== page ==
UPDATE: Shortly after lashing out over reports that accurately reflected a document from her own office, Rep. Marjorie Taylor-Green has announced that she will scrap the planned caucus just a day after her spokesperson said it would launch “very soon.”
Bipartisan outrage erupted on Friday afternoon when Rep. Marjorie Taylor-Greene and the rest of her white supremacist buddies in the House of Representatives announced that they were forming an “America First Caucus” dedicated to promoting “uniquely Anglo-Saxon political traditions.” As if that wasn’t clear enough already, the Caucus invoked the white supremacist “Great Replacement” conspiracy theory and declared that “societal trust & political unity are threatened when foreign citizens are imported en-masse into a country.”
A racist dog whistle so loud that even Champ and Major could hear it from the White House, the Georgia Republican and her cronies were immediately beset with condemnation and fury from liberals and the few remaining conservatives who prefer it when you don’t say the quiet part out loud.
Now MGT is on the defensive and desperately tried to walk back the more explicitly white nationalist rhetoric in an angry tweetstorm on Saturday that absolutely failed to make the situation any better.
On Friday, sick and evil POS in the media attacked me with phrases I never said or wrote.
They released a staff level draft proposal from an outside group that I hadn’t read.
The scum and liars in the media are calling me a racist by taking something out of context.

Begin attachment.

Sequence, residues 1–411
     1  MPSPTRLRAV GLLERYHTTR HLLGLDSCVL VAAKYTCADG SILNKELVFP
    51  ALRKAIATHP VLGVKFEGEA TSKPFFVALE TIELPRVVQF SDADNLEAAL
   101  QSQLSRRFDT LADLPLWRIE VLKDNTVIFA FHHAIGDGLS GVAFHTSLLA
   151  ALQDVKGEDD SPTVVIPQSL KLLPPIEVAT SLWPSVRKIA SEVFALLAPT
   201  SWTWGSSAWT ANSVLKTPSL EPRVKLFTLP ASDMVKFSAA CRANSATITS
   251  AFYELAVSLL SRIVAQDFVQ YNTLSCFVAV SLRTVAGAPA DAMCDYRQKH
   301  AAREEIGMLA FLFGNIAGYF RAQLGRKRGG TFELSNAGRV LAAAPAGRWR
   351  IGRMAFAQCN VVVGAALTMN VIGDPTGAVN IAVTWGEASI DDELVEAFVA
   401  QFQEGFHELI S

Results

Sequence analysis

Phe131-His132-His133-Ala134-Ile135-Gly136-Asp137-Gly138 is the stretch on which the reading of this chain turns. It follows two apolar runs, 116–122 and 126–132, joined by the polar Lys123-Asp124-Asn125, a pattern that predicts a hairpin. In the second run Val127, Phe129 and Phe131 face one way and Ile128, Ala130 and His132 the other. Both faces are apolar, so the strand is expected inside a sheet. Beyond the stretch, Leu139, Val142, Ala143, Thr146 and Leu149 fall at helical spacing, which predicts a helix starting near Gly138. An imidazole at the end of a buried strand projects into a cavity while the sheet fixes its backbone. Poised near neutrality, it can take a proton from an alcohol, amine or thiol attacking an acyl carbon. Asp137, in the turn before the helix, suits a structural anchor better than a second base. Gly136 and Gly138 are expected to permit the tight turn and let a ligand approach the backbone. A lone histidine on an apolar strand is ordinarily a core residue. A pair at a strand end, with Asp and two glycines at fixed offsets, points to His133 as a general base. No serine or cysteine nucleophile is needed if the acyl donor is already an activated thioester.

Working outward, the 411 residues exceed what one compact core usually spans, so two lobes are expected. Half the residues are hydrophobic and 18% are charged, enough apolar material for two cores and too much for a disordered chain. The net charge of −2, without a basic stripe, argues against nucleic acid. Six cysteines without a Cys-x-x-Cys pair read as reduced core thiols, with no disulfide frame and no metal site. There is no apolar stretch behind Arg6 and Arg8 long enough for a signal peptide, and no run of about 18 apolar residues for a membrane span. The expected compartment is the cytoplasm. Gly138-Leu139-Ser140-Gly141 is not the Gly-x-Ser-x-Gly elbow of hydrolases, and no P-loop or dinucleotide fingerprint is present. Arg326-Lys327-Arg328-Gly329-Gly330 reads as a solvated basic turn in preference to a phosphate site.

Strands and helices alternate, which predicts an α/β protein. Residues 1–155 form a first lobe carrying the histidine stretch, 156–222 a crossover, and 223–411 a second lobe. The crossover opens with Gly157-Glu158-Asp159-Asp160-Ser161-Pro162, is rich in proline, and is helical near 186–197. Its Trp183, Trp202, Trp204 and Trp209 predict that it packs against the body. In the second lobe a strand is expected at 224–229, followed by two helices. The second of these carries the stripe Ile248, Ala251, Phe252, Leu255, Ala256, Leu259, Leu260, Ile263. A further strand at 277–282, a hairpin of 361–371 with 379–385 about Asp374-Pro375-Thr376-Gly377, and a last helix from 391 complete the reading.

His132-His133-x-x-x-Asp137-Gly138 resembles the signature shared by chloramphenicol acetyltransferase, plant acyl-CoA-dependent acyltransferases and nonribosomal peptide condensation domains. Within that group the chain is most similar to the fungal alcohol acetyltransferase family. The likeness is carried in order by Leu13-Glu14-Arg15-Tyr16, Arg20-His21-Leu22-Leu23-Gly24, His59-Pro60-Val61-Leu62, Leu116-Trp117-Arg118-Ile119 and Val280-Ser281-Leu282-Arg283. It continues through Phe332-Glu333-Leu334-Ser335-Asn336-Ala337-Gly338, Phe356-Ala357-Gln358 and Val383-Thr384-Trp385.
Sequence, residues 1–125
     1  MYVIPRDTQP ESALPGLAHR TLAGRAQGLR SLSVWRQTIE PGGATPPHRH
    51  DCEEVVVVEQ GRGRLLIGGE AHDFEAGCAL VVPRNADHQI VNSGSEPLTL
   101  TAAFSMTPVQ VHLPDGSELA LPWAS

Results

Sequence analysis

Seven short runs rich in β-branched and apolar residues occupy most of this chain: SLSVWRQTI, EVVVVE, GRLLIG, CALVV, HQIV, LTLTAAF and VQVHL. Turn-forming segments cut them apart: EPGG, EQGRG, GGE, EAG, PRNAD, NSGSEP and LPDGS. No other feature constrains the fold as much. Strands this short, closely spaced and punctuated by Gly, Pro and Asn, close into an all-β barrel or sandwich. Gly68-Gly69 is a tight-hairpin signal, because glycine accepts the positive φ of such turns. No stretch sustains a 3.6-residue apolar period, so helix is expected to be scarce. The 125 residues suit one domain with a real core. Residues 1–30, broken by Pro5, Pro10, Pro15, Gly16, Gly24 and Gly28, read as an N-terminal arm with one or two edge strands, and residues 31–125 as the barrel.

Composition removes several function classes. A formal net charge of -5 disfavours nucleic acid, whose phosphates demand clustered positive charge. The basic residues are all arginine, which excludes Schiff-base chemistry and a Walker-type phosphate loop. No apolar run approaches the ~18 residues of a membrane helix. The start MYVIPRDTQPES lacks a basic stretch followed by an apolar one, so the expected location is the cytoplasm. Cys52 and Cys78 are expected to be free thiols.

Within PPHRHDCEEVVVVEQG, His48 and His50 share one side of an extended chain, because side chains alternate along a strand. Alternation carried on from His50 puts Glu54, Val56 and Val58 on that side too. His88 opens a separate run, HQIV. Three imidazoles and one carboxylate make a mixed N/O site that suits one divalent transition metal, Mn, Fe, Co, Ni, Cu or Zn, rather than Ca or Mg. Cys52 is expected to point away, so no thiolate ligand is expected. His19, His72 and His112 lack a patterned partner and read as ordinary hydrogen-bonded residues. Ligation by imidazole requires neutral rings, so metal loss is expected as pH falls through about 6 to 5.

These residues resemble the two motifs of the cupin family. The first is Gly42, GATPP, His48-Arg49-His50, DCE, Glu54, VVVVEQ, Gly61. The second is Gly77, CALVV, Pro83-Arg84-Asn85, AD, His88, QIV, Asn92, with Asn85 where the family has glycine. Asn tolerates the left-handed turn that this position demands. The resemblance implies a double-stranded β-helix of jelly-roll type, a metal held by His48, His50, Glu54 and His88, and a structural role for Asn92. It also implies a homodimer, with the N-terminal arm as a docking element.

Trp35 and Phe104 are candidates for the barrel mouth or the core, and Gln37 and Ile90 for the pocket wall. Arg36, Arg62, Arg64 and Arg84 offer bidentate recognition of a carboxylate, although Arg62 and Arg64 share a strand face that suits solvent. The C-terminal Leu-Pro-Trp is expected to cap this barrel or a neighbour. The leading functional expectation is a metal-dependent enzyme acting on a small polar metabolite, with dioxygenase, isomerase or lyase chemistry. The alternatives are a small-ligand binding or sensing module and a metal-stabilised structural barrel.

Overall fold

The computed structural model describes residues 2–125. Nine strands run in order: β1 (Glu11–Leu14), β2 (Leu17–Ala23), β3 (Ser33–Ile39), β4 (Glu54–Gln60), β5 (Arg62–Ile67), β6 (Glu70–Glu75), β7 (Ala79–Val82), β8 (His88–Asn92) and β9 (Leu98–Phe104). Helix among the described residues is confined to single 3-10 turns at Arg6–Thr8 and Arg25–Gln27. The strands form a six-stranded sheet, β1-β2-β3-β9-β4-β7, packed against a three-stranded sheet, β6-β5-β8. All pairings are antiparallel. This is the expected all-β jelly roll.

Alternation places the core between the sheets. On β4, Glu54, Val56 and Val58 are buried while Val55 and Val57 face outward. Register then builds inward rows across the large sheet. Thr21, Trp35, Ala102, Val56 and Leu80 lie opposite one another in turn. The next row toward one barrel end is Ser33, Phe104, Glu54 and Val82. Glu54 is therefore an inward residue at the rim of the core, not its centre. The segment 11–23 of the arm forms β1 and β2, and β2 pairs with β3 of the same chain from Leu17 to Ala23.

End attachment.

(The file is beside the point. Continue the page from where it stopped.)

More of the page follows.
— Marjorie Taylor Greene 🇺🇸 (@mtgreenee) April 17, 2021
All her rage against the lying media and the psychotic communists reeks of latent anti-Semitism and populist rabble-rousing. While she is trying to downplay the “Anglo-Saxon” talk by dismissing it as a “staff-level draft proposal,” but looking around at the wider landscape of the post-Trump Republican Party, it’s obvious that this is not the case. The Republican propaganda machine at FOX News and its primary mouthpiece, Tucker Carlson, openly promote white supremacist conspiracy theories on a nightly basis.
The same hateful ideas that led to the massacre at the Tree of Life Synagogue and the massacre of Hispanic shoppers in El Paso are being echoed throughout the halls of Congress by Representatives like Pennsylvania’s Scott Perry, Arizona’s Paul Gosar and Texas’ Louie Gohmert.
The extremist wing of the Republican Party is growing increasingly bold — and growing more powerful with each passing day. While conservatives may weep and moan that “this doesn’t represent us,” the truth is that this is who the Republican Party was all along — except now they’re growing confident enough to take their hoods off.